Blockchain Bitcoin & Crypto Weekly CXO Briefing for week starting 22nd January 2018


The Blockchain Bitcoin & Crypto Weekly CXO Briefing is all you need to know, each week, jargon free for CXO level business leaders and investors who will use this technology to change the world. Each week we select the 3 news items that matter and explain why and link to one expert opinion.

For the intro to this weekly series, please go here.

News Item 1: Forget bitcoin. Here come the blockchain ETFs.

Decrypted: With the total market cap for cryptocurrencies around $556,105,119,524, earlier this week two blockchain ETFs were launched on Nasdaq and the New York Stock Exchange. The Reality Shares Nasdaq NexGen Economy (NASDAQ:BLCN) and Amplify Transformational Data Sharing (NYSEARCA:BLOK) ETFs both launched this week.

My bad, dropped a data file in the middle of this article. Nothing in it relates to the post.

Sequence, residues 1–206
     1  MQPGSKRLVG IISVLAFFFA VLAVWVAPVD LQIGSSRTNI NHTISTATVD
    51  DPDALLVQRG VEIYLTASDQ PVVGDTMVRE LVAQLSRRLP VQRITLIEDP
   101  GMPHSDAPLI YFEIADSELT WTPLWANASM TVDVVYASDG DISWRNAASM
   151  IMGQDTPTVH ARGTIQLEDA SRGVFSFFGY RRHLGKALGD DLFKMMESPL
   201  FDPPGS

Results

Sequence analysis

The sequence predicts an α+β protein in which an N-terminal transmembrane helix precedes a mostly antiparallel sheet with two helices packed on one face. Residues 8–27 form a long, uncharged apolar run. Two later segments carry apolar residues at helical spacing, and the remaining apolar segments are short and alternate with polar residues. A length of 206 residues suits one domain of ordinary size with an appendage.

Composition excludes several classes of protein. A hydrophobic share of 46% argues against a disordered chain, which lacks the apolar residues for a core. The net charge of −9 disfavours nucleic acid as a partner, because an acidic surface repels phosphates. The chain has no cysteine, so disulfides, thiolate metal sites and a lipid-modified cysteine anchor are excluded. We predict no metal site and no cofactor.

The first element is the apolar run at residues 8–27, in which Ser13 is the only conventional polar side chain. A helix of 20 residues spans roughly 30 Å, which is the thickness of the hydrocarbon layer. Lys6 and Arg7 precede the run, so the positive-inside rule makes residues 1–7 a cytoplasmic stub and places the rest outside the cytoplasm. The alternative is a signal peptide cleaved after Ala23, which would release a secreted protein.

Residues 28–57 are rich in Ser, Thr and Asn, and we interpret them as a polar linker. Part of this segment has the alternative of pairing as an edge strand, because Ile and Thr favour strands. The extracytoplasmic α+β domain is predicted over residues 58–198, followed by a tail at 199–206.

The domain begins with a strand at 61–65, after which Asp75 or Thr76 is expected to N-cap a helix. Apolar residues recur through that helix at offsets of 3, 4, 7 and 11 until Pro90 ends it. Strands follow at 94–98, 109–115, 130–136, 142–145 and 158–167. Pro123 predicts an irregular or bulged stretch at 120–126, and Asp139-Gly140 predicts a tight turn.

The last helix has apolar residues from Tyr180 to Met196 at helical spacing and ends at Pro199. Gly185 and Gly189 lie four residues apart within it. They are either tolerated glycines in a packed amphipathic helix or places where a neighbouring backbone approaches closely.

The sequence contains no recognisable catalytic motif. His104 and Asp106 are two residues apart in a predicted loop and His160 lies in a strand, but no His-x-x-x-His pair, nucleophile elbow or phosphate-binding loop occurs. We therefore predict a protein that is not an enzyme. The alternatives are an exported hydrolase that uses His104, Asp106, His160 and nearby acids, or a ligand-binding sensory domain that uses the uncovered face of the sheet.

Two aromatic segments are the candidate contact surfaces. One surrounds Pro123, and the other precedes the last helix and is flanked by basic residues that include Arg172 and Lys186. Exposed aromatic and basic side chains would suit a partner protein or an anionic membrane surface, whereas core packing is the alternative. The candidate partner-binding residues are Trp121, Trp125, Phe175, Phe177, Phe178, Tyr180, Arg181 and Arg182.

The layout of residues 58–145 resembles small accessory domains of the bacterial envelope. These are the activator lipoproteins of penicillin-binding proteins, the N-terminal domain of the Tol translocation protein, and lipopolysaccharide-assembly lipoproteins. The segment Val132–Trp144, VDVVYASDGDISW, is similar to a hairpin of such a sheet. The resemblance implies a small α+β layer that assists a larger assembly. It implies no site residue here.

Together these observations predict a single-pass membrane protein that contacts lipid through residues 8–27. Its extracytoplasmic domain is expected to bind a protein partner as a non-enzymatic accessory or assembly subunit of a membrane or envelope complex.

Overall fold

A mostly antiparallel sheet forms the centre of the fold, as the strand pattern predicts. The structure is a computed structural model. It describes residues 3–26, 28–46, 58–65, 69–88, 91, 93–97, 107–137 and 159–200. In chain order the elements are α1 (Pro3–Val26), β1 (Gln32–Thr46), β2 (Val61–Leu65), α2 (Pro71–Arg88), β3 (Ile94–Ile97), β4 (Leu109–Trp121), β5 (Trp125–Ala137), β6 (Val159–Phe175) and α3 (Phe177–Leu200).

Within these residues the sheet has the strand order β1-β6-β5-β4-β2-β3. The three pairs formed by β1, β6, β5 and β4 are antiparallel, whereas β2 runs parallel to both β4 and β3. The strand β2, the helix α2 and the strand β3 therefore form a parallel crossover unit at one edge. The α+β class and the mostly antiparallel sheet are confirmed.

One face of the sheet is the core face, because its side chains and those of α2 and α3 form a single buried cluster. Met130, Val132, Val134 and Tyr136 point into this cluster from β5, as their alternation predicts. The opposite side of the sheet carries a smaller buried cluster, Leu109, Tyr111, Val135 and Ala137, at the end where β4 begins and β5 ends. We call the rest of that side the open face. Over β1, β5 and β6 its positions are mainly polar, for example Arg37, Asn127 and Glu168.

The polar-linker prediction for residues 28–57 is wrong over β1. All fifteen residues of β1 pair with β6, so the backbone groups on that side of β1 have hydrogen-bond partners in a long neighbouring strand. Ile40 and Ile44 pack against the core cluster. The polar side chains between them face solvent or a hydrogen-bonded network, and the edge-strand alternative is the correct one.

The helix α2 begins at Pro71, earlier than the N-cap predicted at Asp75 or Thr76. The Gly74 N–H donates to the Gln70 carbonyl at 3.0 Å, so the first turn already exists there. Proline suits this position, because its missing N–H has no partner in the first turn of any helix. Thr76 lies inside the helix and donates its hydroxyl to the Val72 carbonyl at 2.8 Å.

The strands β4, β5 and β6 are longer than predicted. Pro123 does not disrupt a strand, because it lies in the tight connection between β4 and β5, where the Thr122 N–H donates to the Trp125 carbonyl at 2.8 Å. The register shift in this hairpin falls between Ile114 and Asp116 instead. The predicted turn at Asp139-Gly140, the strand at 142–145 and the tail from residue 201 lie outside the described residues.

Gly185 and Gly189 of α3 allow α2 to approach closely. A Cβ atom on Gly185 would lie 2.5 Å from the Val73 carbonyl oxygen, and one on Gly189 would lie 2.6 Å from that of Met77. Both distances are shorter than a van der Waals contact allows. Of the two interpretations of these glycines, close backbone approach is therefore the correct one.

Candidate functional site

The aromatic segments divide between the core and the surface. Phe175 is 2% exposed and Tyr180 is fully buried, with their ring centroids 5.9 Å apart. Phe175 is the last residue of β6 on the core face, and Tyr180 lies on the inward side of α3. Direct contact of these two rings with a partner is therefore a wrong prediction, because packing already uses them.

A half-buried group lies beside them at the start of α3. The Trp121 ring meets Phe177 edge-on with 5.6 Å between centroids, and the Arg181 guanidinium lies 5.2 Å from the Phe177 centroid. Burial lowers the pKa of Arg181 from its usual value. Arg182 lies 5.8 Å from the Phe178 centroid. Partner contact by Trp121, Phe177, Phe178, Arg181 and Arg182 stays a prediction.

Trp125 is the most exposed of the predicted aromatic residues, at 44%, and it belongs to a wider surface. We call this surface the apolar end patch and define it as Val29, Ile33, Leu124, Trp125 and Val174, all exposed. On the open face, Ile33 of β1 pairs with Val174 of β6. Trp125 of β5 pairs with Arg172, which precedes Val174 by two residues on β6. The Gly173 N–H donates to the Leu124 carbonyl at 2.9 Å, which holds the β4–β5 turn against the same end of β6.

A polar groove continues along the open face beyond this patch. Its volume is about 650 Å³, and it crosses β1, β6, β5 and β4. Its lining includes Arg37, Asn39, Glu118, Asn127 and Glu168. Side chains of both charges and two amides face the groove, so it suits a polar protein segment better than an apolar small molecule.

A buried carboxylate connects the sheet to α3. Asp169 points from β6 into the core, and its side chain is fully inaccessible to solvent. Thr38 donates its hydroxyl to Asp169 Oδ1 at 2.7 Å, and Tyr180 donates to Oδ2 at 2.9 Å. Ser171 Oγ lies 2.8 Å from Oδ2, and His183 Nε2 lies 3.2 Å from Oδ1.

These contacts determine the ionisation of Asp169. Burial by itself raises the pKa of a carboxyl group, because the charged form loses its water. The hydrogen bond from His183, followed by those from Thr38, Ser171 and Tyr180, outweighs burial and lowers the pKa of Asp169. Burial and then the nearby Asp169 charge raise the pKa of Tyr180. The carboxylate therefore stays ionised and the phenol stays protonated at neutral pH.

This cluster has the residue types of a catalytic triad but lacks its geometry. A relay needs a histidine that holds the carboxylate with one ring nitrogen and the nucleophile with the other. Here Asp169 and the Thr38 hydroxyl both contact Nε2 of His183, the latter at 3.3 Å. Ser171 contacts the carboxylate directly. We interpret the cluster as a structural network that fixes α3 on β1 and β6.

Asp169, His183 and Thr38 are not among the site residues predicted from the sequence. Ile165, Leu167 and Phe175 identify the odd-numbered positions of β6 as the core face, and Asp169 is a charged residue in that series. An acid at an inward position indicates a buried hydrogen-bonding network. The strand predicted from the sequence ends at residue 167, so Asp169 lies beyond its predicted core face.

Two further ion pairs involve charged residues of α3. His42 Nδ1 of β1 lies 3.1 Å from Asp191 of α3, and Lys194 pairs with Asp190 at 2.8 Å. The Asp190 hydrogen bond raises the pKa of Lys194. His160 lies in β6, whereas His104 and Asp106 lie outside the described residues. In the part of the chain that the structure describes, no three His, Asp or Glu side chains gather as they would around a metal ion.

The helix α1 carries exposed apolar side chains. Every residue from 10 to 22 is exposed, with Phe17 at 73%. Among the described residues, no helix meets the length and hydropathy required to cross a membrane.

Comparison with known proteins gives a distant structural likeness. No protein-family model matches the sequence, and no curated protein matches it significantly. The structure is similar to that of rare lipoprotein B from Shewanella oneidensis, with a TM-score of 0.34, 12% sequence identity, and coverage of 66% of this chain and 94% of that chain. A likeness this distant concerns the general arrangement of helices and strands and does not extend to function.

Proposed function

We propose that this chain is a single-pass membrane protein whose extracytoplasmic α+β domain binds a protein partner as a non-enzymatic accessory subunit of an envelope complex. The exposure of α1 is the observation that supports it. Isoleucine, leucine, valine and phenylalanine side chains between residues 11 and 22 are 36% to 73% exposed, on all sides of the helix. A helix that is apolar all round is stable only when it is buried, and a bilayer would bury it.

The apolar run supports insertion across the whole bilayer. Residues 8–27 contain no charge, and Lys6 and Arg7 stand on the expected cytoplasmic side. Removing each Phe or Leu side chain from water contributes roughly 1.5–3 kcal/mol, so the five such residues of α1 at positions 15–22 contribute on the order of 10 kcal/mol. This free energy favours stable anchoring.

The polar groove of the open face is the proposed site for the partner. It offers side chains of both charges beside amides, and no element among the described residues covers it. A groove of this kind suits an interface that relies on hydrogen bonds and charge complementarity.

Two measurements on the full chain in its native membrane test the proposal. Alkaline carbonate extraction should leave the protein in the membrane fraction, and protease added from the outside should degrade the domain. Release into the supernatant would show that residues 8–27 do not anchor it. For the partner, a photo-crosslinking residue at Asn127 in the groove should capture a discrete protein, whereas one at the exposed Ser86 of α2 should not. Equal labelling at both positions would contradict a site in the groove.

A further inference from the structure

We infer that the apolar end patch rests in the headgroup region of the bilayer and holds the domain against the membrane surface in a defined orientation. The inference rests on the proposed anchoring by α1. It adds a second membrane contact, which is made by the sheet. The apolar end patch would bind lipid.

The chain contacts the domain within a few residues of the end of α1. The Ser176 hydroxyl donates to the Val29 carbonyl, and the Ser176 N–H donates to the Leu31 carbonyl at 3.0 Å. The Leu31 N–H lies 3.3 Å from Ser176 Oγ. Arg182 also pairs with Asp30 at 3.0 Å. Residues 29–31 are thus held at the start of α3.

Before their launch, the Securities and Exchange Commission requested they remove the word “blockchain” from their names. The SEC did not want to allow the use of the word “blockchain” in the name of the ETFs with the cryptocurrency craze sweeping the market.

Many stocks have seen tremendous runs when changing their names to include the word “blockchain”. The most well known examples are Long Island Iced Tea Corp. changed its name to Long Blockchain Corp. and Riot Blockchain (RIOT) that saw their stock prices rise suddenly after including “blockchain” in their names.

Our take: Over the past year, we have witnessed how blockchain technology has been growing in different fields. Governments, enterprises, institutions, start-ups are using this technology to offer better products and services. The blockchain ecosystem presents one of the most profound, long-term investment opportunities. While its still in its infancy, it will have far-reaching and disruptive effects in nearly every industry.

Cryptocurrencies like Bitcoin and Ethereum have generated a lot of excitement among investors, but many believe the underlying blockchain technology, not cryptocurrencies themselves, is the real gold mine for investors.